Disclaimer: I have found out that understanding under-the-hood working of Flutter clarifies why state is implemented this way -- widgets are just blueprints for what to render and state is stored by element in the element tree and not the widget in the widget tree).
Underscore for private scope. Seriously Dart?
Native platform UI. Flutter controls every pixel by drawing on a canvas. If you need a native platform there's some work on your side. Some widgets are adaptive eg. Switch but still you have to explicitly ask it to adapt to the platform look. In fact, the nature of the platform widgets comes from the material theming. For iOS look and feel, you need to use Cupertino widgets (Cupertino because of trademark issues I presume).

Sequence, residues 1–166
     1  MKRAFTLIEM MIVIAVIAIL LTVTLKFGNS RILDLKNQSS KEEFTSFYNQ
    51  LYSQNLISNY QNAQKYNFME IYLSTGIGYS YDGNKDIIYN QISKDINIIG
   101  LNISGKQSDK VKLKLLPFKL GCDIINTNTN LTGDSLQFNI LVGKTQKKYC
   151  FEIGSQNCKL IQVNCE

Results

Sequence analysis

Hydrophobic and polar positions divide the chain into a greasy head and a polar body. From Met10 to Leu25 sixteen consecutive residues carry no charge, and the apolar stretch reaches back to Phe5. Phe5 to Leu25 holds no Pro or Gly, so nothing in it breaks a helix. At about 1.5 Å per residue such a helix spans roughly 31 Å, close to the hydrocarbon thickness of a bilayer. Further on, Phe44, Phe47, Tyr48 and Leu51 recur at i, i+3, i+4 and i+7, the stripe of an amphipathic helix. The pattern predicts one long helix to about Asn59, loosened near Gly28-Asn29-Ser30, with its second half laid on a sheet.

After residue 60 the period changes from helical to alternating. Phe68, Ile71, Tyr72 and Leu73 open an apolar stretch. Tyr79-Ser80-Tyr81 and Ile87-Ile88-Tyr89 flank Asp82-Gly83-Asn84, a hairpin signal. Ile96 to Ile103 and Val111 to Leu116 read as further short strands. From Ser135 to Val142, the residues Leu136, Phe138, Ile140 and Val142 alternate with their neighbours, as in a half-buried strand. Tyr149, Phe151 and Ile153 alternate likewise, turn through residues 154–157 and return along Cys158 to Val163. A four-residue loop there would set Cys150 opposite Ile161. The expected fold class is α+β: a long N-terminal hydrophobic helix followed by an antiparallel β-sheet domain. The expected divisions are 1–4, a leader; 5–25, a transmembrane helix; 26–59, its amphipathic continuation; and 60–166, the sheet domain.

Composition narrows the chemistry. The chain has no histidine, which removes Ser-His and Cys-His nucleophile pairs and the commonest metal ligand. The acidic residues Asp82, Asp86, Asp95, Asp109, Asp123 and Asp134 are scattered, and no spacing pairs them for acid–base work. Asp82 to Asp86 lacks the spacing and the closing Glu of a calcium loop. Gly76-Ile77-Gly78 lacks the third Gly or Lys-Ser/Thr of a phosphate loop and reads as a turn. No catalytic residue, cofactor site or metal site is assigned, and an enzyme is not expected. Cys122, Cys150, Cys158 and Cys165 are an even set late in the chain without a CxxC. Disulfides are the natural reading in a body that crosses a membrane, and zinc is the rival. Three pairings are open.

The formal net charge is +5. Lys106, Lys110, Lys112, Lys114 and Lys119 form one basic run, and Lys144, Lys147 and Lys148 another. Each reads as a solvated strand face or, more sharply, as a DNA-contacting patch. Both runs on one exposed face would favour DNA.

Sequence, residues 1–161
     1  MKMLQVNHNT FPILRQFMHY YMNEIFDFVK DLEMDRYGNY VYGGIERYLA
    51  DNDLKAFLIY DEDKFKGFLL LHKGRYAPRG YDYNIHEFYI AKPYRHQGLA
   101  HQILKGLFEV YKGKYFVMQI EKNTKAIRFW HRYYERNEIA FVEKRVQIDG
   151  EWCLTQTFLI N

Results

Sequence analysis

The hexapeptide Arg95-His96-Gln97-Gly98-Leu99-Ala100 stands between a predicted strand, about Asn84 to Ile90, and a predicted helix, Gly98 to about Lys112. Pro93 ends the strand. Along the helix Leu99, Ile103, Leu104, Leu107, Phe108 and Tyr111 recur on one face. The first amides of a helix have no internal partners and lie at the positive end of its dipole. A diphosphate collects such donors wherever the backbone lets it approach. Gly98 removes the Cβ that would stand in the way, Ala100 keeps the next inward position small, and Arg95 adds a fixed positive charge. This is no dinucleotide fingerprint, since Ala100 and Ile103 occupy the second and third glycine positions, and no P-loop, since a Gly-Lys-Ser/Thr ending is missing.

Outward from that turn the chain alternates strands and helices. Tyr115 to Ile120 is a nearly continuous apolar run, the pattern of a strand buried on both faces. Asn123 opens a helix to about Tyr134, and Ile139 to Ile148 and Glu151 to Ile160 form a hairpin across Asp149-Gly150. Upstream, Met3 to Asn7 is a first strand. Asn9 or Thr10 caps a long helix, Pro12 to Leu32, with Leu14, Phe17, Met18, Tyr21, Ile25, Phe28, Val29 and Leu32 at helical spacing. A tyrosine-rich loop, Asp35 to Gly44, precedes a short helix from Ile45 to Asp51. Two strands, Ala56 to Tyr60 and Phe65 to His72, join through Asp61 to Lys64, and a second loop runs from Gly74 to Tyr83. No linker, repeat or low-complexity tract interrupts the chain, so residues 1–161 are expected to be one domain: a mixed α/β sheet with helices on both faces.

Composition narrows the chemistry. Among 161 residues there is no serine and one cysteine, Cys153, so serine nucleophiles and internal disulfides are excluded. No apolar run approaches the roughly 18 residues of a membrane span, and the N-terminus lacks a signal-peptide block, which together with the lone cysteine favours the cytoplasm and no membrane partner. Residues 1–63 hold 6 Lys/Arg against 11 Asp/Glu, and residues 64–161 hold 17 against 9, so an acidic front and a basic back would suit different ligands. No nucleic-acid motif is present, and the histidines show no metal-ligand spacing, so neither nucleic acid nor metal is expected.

Semicolons. I have to include this. Having written quite some Swift code of late, I'm finding myself forgetting the semicolon a lot. This' not a deal-breaker though. We've had a lot more Java days.
Love them, hate them, cross platform frameworks have done well for themselves. Addition of Flutter to the list by a tech giant only suggests there's a need and freelance opportunities online tell the same story.
The speed at which you can spin up an app for both platforms using Flutter is just mind blowing! Having done native development for both iOS and Android, I can appreciate the niche this framework is addressing.
What can I say?
Flutterto my toolbelt.
Have a project? Let's connect.
Happy coding! 😎